[ rad-i-kuhl ]
/ ˈræd ɪ kəl /
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Origin of radical

First recorded in 1350–1400; Middle English, from Late Latin rādīcālis “having roots, forming roots,” equivalent to Latin rādīc- (stem of rādix ) + -ālis; see origin at root1, -al1

synonym study for radical

2. Radical, extreme, fanatical denote that which goes beyond moderation or even to excess in opinion, belief, action, etc. Radical emphasizes the idea of going to the root of a matter, and this often seems immoderate in its thoroughness or completeness: radical ideas; radical changes or reforms. Extreme applies to excessively biased ideas, intemperate conduct, or repressive legislation: to use extreme measures. Fanatical is applied to a person who has extravagant views, especially in matters of religion or morality, which render that person incapable of sound judgments; and excessive zeal which leads them to take violent action against those who have differing views: fanatical in persecuting others.

historical usage of radical

Radical comes straight from the Late Latin adjective rādicālis “having roots, rooted,” first occurring about a.d. 400 in Contra Faustum (“Against Faustus the Manichaean”) by St. Augustine of Hippo. Rādicālis is a derivative of the noun rādix (inflectional stem rādīc- ) “root (of a plant, tooth, hair), root (of a family, stock, breed), (etymological) root.” The mathematical sense “denoting the radical sign which indicates the root of a number” dates from the late 17th century. Radical in its political sense dates from the late 18th century in England and the first half of the 19th century in the United States.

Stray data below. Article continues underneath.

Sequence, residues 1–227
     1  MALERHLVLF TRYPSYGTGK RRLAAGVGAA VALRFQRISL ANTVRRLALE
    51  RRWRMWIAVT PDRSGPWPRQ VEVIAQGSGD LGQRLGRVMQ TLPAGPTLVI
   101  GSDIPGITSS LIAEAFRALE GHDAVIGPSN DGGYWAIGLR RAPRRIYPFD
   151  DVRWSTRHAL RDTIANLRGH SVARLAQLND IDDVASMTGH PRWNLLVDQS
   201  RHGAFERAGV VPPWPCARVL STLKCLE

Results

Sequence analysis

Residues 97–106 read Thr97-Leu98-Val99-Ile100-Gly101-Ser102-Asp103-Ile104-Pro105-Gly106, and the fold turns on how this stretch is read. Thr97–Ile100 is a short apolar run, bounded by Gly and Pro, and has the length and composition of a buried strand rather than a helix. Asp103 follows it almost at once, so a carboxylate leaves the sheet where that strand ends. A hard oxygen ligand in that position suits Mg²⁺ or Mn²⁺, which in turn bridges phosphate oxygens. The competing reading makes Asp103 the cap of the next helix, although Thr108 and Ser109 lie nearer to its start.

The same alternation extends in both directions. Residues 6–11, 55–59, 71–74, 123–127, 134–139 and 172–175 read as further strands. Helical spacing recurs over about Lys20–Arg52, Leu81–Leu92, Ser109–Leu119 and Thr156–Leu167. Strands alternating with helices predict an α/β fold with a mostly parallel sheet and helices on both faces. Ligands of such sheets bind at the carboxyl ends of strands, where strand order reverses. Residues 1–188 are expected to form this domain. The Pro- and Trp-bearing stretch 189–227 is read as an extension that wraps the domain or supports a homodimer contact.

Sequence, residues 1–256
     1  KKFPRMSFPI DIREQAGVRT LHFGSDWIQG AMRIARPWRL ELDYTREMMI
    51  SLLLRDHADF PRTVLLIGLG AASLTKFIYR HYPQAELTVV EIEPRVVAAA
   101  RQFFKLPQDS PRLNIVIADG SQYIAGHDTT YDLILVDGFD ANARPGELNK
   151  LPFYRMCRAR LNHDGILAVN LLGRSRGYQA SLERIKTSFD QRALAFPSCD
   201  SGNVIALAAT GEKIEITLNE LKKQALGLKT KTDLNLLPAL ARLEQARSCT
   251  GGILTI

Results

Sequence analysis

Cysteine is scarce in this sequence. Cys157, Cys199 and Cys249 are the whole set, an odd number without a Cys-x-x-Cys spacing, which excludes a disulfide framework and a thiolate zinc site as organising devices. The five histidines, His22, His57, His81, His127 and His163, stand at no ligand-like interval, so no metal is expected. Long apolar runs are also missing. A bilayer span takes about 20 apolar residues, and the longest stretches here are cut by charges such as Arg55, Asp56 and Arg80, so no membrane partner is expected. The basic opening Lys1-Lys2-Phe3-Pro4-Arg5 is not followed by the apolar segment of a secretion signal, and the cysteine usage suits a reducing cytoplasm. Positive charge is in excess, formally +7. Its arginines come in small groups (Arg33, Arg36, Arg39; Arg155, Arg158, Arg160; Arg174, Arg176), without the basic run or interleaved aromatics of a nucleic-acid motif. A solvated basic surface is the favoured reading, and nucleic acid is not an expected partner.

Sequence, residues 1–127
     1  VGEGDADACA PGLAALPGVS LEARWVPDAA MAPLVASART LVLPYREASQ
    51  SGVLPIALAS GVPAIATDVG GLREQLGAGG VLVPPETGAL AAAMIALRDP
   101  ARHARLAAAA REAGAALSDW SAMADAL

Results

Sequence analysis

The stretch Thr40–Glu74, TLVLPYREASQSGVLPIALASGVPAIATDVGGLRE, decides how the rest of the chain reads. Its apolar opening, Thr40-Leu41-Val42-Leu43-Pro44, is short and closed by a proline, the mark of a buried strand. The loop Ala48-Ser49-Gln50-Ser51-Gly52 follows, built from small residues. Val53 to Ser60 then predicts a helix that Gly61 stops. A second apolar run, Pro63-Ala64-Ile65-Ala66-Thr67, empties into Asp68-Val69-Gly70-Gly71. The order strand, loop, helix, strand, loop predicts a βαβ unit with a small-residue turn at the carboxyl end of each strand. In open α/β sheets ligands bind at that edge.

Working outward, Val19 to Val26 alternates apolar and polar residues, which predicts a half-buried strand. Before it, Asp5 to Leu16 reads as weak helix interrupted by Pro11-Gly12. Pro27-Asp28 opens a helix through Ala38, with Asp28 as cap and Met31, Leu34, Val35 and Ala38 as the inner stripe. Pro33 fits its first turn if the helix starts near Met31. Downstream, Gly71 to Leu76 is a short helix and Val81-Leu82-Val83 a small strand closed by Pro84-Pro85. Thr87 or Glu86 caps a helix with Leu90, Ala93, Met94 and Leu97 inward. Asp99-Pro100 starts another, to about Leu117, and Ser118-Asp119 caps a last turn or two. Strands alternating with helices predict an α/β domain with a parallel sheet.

Latin rādix comes from wrād-, one of the variants of the Proto-Indo-European root wrād, werād, wred- “root, branch.” From this same variant Latin also has rāmus “branch” (the root, so to speak, of English ramify ); Greek has rhádix (stem rhádik- ) from the same variant. Another variant of the root is the possible source of Greek rhiza, source of English rhizome (Greek variants include Aeolic briza, brisda and Mycenaean wriza ). Wrād- regularly becomes wrōt- in proto-Germanic, the ultimate source of the English word root.


Dictionary.com Unabridged Based on the Random House Unabridged Dictionary, © Random House, Inc. 2023

How to use radical in a sentence

  • The boldness of the man and the radicalness of his philosophy dazzled and fascinated the inexperienced youth.

    The Redemption of David Corson|Charles Frederic Goss

British Dictionary definitions for radical

/ (ˈrædɪkəl) /


Derived forms of radical

radicalness, noun

Word Origin for radical

C14: from Late Latin rādīcālis having roots, from Latin rādix a root
Collins English Dictionary - Complete & Unabridged 2012 Digital Edition © William Collins Sons & Co. Ltd. 1979, 1986 © HarperCollins Publishers 1998, 2000, 2003, 2005, 2006, 2007, 2009, 2012

Scientific definitions for radical

[ rădĭ-kəl ]

A root, such as √2, especially as indicated by a radical sign (√).
A group of atoms that behaves as a unit in chemical reactions and is often not stable except as part of a molecule. The hydroxyl, ethyl, and phenyl radicals are examples. Radicals are unchanged by chemical reactions.
The American Heritage® Science Dictionary Copyright © 2011. Published by Houghton Mifflin Harcourt Publishing Company. All rights reserved.

Cultural definitions for radical (1 of 2)


In politics, someone who demands substantial or extreme changes in the existing system.

Cultural definitions for radical (2 of 2)


In chemistry, an atom or group of atoms that has at least one electron free to participate in forming a chemical bond.

notes for radical

In general, radicals are associated with chemical reactions that proceed rapidly.
The New Dictionary of Cultural Literacy, Third Edition Copyright © 2005 by Houghton Mifflin Harcourt Publishing Company. Published by Houghton Mifflin Harcourt Publishing Company. All rights reserved.